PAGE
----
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momintennies: I have one of those black liners. Tried it and it drove me nuts as the slipperiness issue increased.

fori: the melting did not hapen when I was seasoning the wok. The melting happened when I had the burner on high for all of about 2 minutes max.

    Bookmark   February 19, 2009 at 1:36PM
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I know very little about induction burners but if you have to put something between the burner and the utensil you are using what is the advantage of having induction?
The surprising thing about the Silpat,which is designed for baking, would be if it did not melt.

    Bookmark   February 19, 2009 at 7:57PM
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Fori is not pleased

That is kinda scary--2 minutes? I wonder if the Silpat had degraded with use. Were you ever able to remove the goo?

    Bookmark   February 19, 2009 at 8:28PM
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paddy_99: You don't have to and in fact most don't. I only used it under my wok as I had a bad experience that I didn't want to repeat.

People get induction because it is energy efficient, fast to respond, has a good simmer and a good high (depending on the unit of course) and is normally quite easy to clean up.

fori: I wonder that as well. There had been some discoloration but I figured that was the grease, etc. Now I'm not so sure. The goo is, fortunately, coming off fairly easily. I still need to take a close look at the cook top in bright light just to make sure, though.

Wolf is way out of my price range. Heck, the Kenmore Elite range was, technically, out of my price range. I had to wait for a really good sale and give up all my extra spending for the next 6+ months in order to get it.

    Bookmark   February 19, 2009 at 8:36PM
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Fori is not pleased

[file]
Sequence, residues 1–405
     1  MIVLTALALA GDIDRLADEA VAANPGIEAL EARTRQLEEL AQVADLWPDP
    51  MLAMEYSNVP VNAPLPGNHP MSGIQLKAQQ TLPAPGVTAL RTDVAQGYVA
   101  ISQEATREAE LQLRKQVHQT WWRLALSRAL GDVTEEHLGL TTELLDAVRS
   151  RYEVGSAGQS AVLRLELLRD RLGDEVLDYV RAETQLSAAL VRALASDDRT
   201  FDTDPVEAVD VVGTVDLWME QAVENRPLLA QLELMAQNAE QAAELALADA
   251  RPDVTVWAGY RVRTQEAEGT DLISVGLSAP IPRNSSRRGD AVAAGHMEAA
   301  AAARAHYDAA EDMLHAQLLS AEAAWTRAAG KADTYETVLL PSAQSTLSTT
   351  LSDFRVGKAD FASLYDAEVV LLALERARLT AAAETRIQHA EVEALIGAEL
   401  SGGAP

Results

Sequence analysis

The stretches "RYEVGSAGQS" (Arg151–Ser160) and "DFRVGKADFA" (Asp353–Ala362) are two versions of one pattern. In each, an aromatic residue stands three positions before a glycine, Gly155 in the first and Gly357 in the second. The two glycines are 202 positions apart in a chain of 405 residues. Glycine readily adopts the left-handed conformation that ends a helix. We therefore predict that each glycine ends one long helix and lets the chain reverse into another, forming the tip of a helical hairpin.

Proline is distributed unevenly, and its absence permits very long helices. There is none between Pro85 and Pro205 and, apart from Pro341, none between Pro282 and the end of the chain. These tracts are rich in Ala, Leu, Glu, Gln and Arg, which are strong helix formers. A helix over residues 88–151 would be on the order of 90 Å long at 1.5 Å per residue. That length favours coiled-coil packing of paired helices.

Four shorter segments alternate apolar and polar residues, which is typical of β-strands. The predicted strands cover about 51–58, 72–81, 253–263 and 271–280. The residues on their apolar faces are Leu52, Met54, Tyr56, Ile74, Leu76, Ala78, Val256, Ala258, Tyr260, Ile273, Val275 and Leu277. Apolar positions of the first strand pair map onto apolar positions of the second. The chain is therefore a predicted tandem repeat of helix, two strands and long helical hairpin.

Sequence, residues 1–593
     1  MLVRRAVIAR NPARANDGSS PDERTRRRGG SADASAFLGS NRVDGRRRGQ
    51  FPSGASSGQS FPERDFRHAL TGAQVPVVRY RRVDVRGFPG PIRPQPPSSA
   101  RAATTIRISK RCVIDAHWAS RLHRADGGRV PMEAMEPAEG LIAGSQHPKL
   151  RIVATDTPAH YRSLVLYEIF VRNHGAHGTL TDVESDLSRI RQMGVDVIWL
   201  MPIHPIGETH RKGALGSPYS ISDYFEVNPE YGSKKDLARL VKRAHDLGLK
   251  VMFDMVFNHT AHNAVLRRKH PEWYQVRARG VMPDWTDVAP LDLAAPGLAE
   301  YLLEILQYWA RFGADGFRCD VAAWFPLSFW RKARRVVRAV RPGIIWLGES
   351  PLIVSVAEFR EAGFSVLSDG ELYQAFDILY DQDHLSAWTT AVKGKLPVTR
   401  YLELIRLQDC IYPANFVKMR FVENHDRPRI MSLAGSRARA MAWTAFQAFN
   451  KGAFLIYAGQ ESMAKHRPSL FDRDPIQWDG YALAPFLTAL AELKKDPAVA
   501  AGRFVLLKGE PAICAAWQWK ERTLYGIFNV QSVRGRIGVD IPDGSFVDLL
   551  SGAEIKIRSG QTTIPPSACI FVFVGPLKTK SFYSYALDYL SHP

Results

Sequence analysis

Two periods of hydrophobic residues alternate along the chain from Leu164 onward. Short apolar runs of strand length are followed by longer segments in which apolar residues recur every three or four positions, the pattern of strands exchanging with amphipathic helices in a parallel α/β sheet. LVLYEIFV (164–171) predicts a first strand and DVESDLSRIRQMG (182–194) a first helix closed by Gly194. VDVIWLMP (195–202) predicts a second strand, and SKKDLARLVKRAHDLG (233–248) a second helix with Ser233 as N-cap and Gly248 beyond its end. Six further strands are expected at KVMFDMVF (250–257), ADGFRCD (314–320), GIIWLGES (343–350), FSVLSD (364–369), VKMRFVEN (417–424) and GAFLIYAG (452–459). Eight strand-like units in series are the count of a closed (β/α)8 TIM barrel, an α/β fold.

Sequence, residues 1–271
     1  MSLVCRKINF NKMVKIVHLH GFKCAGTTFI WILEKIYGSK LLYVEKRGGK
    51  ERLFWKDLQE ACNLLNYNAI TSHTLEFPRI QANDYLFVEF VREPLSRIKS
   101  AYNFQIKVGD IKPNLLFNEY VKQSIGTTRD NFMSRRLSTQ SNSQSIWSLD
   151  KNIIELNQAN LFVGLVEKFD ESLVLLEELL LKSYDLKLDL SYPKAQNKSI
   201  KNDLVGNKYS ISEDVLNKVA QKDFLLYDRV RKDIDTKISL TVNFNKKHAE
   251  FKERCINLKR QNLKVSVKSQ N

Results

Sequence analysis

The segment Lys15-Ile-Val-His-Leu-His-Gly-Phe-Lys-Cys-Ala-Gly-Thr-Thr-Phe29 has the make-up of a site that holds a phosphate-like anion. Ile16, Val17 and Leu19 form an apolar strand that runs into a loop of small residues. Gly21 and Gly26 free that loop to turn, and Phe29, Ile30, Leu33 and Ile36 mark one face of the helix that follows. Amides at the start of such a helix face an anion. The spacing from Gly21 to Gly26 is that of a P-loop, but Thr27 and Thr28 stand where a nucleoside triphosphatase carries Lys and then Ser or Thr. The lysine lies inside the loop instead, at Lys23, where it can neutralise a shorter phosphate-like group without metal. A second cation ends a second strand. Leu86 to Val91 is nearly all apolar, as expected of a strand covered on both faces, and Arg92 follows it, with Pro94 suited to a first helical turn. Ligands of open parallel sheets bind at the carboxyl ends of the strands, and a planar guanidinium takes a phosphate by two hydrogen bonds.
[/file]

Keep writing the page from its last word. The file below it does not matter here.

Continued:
I think I will break down and try out the Lodge cast iron wok. I don't think it'll slide and hopefully it'll be smooth on the bottom.

I just don't wanna have to wash it.

I'll probably replace my cooktop soon but can't justify the price on the Wolf. It'll be covered with caked on food half the time anyway...

    Bookmark   February 19, 2009 at 8:52PM
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fori: You do know that you don't really "clean" cast iron, don't you? It's one of the things I love about it.

    Bookmark   February 19, 2009 at 9:13PM
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Fori is not pleased

I clean it and my plastic sink has the scars to prove it. I figure the seasoning is the same as the black stuff on my oven walls, and that takes Easy-Off or the self-clean cycle to remove, so a little dish soap won't hurt it. So far so good, except for some wrist injuries. :)

    Bookmark   February 19, 2009 at 10:54PM
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Let me ask you a question: would you have been willing to put the silpat INSIDE the pan?

    Bookmark   February 20, 2009 at 5:56PM
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Silicone rubber is pretty inert to most chemicals, but it does dissolve slowly when subjected to silicon oil. Either silicone brake fluid (DOT 5), or various silicone sprays should aid removal of silicone rubber bonded to your wok. If the oil you use works for you it will probably also remove any silicone rubber from the cooktop without damaging the glass, but the operative word here is probably.

Obviously, remove all the silicone oil before cooking on the hob. Remove oil, if any, from the cooktop with the provided cleaning solution (provided at least in the case of the Kenmore). Remove from the wok with detergent, or auto body paint prep cleaner, e.g., duPont 3900S.

By the way, another datum for this topic. DW left the house one day with the tea kettle on high on our Kenmore induction cooktop. When the kettle ran out of water, it heated the silicone pad beyond its limit. Fortunately, the cooktop shut down on its own. Maybe a hob temperature sensor is included in the Kenmore.

We removed the silicon pad from service due to elastomer breakdown, but it did not end up sticking to either kettle or hob. The pad being used was the Sili Gourmet silicone bake liner, by William Bounds, Ltd. These are all-red silicone (no transparent part).


    Bookmark   February 21, 2009 at 12:22PM
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I think the common thread here is that a pot with poor heat conduction (cast iron, steel without aluminum core) can get hot spots that are really hot when used on an induction cooktop. Be aware.

    Bookmark   February 22, 2009 at 4:08AM
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The only time I have had a problem with the SilPat silicone pad was when I accidentally got oil under the SilPat when I cooked on very high heat. It wasn't a horrendous situation, but it did require a good bit of cleaning.

I think one needs to be rather careful about keeping the SilPat clean--both underneath and on top of the pad. This should generally eliminate all problems.


    Bookmark   February 27, 2009 at 3:11PM